Circular economy strategy 2.0

Assistant Secretary in the Department of the Environment, Climate and Communications, Philip Nugent, outlines the intention to move to an action plan-approach in the development of a circular economy strategy 2.0.

Nugent highlights that while Ireland is still very much in the “active implementation stage” of its inaugural circular economy strategy, published at the end of 2021, development on the next iteration has already begun.

Describing the primary circular economy strategy’s purpose as addressing the economic, regulatory, and social barriers in Ireland’s transition to a more circular economy, the Assistant Secretary outlines an ambition under a circular economy strategy 2.0 to move from a statutory basis to an action plan-approach, with metrics and targets.

Ireland is embarking on the development of a circular economy from a low base. Nugent points out that Ireland’s circular material use rate (material recovered and fed back into the economy) is the second worst in Europe. Ireland’s 1.8 per cent rate is significantly lower than the 12.8 per cent EU average and a high of 30.9 per cent recorded in the Netherlands.

Challenges to growing the circular economy in Ireland include the current structure of the domestic economy and Ireland’s location as an island on Europe’s geographic periphery. Additionally, public understanding of the circular economy remains poor. Research carried out by Ibec and the EPA in 2019 found that only 51 per cent of Ibec’s member companies’ leaders understood what is meant by the circular economy.

Nugent notes that those countries whose circular economies have been most advanced to date have benefited from overarching circular economy policies such as cohesive frameworks for government, private and civil society activity, clear national ambitions, and priorities in relation to the circular economy.

Published in Q4 of 2021, the Whole-of-Government Circular Economy Strategy 2022-23: Living more, using less provides a national policy framework for Ireland’s transition to a circular economy and promotes public sector leadership in adopting circular policies and practices.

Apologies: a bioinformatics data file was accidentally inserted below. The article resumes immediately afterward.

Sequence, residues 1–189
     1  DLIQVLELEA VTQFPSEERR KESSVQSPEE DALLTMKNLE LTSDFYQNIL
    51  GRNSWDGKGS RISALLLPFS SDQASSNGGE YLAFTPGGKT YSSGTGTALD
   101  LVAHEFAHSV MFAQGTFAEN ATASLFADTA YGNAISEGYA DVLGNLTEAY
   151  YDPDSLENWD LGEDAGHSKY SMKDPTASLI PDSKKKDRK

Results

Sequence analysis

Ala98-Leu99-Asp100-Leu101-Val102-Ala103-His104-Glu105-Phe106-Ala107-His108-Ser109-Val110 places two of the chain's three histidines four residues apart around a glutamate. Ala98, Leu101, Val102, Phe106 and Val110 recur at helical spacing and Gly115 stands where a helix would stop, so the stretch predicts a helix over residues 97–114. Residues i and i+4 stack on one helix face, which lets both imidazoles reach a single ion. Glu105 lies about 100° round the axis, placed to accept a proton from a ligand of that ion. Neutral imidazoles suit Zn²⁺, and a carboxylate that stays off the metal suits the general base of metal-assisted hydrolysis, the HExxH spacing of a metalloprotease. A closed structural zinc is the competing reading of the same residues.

Underpinning the transition is an ambition to reduce Ireland’s circularity gap and raise the circularity rate above the EU average; raise awareness among households, businesses, and individuals about the role of the circular economy in improving lives; and support and promote investment in the circular economy with an aim of delivering sustainable, regionally balanced economic growth.

Importantly, the strategy set out an ambition for the development of a new circular economy advisory group to not only support and implement the strategy but to also help develop a circular economy strategy 2.0.

Nugent highlights some of the policy developments to date under the strategy, not least the recognition under the National Marine Planning Framework of the need to embed circular economy principles across all marine planning functions.

Similarly, progress is evident in the launch of the Deposit Return Scheme in November 2022, with a go-live date for consumers of February 2024. Other progress noted by Nugent includes:

  • the launch of the EPA’s Circular Economy Programme;
  • new end-of-waste and by-products processes, with the EPA developing national criteria for specific materials;
  • the Department’s launch of draft policies including the Geothermal Energy for a Circular Economy; Raw materials for Ireland’s Circular Economy Transition; and planned publication of the National Food Waste Prevention Roadmap at the end of 2022; and
  • The Circular Economy in Ireland report by the OECD in April 2022.

Circular Economy and Miscellaneous Provisions Act 2022

Nugent emphasises the importance of the legislative and regulatory footing for Ireland’s circular economy ambitions. The Circular Economy and Miscellaneous Provisions Act 2022 of July 2022 placed the circular economy strategy and the National Food Loss Prevention Roadmap on a statutory footing and established a legal requirement for government to develop and periodically update the policies.

Additionally, the Act empowers the minister to set national and sectoral targets via the strategy; streamlines the national processes for end-of-waste and by-products decisions; redesignates the existing Environment Fund as a Circular Economy Fund; and introduces an incentivised charging regime for commercial waste.

Outlining the next steps in developing Ireland’s circular economy, Nugent says that a baseline study will inform an action plan-focused circular economy strategy 2.0. Alongside the implementation of the Circular Economy Act, the Assistant Secretary points to the development of national circular economy indicators to support the strategy and highlights the launch of the first circular economy communications campaign by the Department, aimed at consumers and households, at the end of 2022.

Finally, Nugent says that following a funding call by the Department in October 2022 for the circular economy innovation grant scheme, a review of circular economy funding will take place in 2023 to “maximise the impact of public supports and identify opportunities for greater access to private financing”.

Nugent concludes by highlighting that the Department is looking at options for further direct support of large-scale circular economy projects in 2023 and beyond.

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